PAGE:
Sandra Bullock and Cate Blanchett had not acted together before co-starring in “Ocean’s 8,” along with the six other women — Anne Hathaway, Helena Bonham Carter, Mindy Kaling, Sarah Paulson, Rihanna, and Awkwafina — who make up the gang of eight jewel thieves in this “Ocean’s” spinoff film. But Bullock, who plays career criminal Debbie, and Blanchett, as her supposedly gone-straight co-conspirator Lou, come across as two peas in a pod. That isn’t just screen chemistry. The two women also seem genuinely close and friendly in real life. The two Oscar winners (Bullock for “The Blind Side,” Blanchett for “Blue Jasmine”) sat next to each other at the Metropolitan Museum of Art in New York — the setting of the fictional heist — last week to talk about the film.
Q: When did you first hear of plans to follow up the George Clooney “Ocean’s” movies with an all-female cast?
Bullock: Jerry Weintraub, who produced the earlier films, and who’s no longer with us, called and said, “I got this idea I gotta present to ya.” I thought it was a fun idea, but I honestly didn’t think it would work or get made. It was like a year and a half-ish later that the script did appear.
Blanchett: Isn’t it interesting that two or three years ago this seemed like an impossibility, like how could you possibly get this made? And it’s so great that it’s being released now, when so much (concerning women) has shifted.
Q: What are your recollections of initially paging through the script?
Blanchett: You don’t read the script cold; you read the script with the pedigree and the legacy of the (“Ocean’s”) movies, which (director) Gary Ross knew absolutely inside out. I already had a working relationship with (producer) Steven Soderbergh, and knowing that Sandy was in it, I could sort of see the tone. So, my first question was who are the other ladies going to be? Gary sort of laid forth his A team, which he got. But the script is a malleable thing. A lot of changes were being made on it, which happens every time, not just with this movie. So, in the end, it’s about the ensemble. Once I knew who the other women were, I just felt it would be a great, fun thing to do. It was also a risk, but I thought it was a risk worth taking.
Q: With all of the leads being played by women, was there a palpable sense of bonding on the set?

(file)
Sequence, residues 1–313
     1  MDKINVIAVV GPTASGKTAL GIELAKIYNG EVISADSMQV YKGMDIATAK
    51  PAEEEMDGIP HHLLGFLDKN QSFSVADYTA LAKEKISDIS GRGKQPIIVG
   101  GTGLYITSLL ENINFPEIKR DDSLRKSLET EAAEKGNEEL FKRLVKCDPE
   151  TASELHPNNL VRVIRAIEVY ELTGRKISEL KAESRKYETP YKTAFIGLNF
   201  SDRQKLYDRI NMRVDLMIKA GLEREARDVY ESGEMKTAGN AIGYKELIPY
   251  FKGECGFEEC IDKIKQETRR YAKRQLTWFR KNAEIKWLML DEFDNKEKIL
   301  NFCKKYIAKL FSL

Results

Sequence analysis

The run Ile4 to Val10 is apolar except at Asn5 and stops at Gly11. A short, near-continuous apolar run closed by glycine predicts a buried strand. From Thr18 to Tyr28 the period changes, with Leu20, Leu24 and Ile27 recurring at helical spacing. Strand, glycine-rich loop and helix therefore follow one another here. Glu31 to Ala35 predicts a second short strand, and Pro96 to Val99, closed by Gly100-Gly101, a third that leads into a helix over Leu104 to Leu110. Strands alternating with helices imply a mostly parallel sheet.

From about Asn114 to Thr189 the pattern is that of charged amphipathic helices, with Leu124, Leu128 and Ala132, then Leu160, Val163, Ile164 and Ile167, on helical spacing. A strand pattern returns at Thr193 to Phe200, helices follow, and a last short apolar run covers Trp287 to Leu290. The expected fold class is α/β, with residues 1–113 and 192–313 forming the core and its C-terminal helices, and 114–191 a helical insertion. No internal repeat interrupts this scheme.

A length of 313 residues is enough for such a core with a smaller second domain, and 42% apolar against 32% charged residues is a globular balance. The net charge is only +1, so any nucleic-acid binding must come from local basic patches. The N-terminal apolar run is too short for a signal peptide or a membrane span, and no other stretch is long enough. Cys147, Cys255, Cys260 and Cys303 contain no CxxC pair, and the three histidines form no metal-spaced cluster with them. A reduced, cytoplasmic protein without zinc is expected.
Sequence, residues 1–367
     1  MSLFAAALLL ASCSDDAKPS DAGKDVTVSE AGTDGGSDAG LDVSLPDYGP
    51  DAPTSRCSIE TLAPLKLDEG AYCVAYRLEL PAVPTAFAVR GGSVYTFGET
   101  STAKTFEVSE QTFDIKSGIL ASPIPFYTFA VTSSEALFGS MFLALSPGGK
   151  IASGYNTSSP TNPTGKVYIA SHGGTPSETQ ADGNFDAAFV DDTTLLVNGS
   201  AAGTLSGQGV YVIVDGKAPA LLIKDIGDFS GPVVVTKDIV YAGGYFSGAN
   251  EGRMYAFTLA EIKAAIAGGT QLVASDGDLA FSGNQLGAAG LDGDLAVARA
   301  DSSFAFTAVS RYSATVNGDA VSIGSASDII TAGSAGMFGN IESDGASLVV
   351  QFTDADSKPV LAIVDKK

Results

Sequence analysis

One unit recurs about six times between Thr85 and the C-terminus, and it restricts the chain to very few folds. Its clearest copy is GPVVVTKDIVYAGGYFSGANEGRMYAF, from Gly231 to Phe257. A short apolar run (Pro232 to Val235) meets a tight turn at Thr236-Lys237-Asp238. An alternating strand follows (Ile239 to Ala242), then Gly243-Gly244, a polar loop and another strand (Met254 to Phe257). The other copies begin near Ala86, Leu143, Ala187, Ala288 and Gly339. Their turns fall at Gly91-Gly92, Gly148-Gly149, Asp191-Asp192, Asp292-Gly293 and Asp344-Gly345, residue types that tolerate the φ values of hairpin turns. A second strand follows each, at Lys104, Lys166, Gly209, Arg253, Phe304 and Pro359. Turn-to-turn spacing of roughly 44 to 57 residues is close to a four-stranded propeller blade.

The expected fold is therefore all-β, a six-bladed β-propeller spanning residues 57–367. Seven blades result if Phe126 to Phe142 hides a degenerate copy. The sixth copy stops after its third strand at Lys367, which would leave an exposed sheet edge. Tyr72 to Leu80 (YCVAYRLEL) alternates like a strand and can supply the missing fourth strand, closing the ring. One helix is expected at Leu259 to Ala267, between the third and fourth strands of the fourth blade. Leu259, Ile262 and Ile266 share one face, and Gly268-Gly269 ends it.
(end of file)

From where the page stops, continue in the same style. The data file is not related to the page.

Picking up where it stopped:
Bullock: We were able to bond and connect in the way that we could, in that we were working crazy, long days, and we were draped all over each other on a couch at midnight. But once we let our guard down and we realized we were in the company of safe people, I think we all sort of began to connect. You know, there are really only five roles for women, and we’re all looking for them and they’re all lone little islands. But here we were. I feel really lucky because there are no more stones I need to turn over, and on this one I feel that I came out with so much more than I ever imagined.
Q: Do you feel that that comes across in the story, too?
Bullock: It’s about women taking care of each other, women being good to each other, women stepping back and letting the more gifted step forward in the heist, recognizing talent and saying, “Go out and shine, I’ve got your back.” I didn’t care about the heist as much as I cared about how (the characters) treated each other and how they lifted each other up.
Q. There was “Ghostbusters” and now there’s this. What do you think of the Hollywood trend of reviving male ensemble films, but putting women in them, compared to making brand new films with women?
Blanchett: What was great about this film is yes, you’ve got the history of the “Ocean’s” franchise behind it, but we wanted to make it its own stand-alone thing. So, it’s got an echo of what came before, but it’s not a remake. I think remakes are great, but if there were only remakes, and there were no original stories ... it’s like any sense of homogeneity in the film industry produces boring results, whether it’s with cast or story. It’s not saying you must do it this way or that way. I think it’s a bit of both.
“Ocean’s 8” opens on June 8.
— Ed Symkus writes about movies for More Content Now. He can be reached at email@example.com.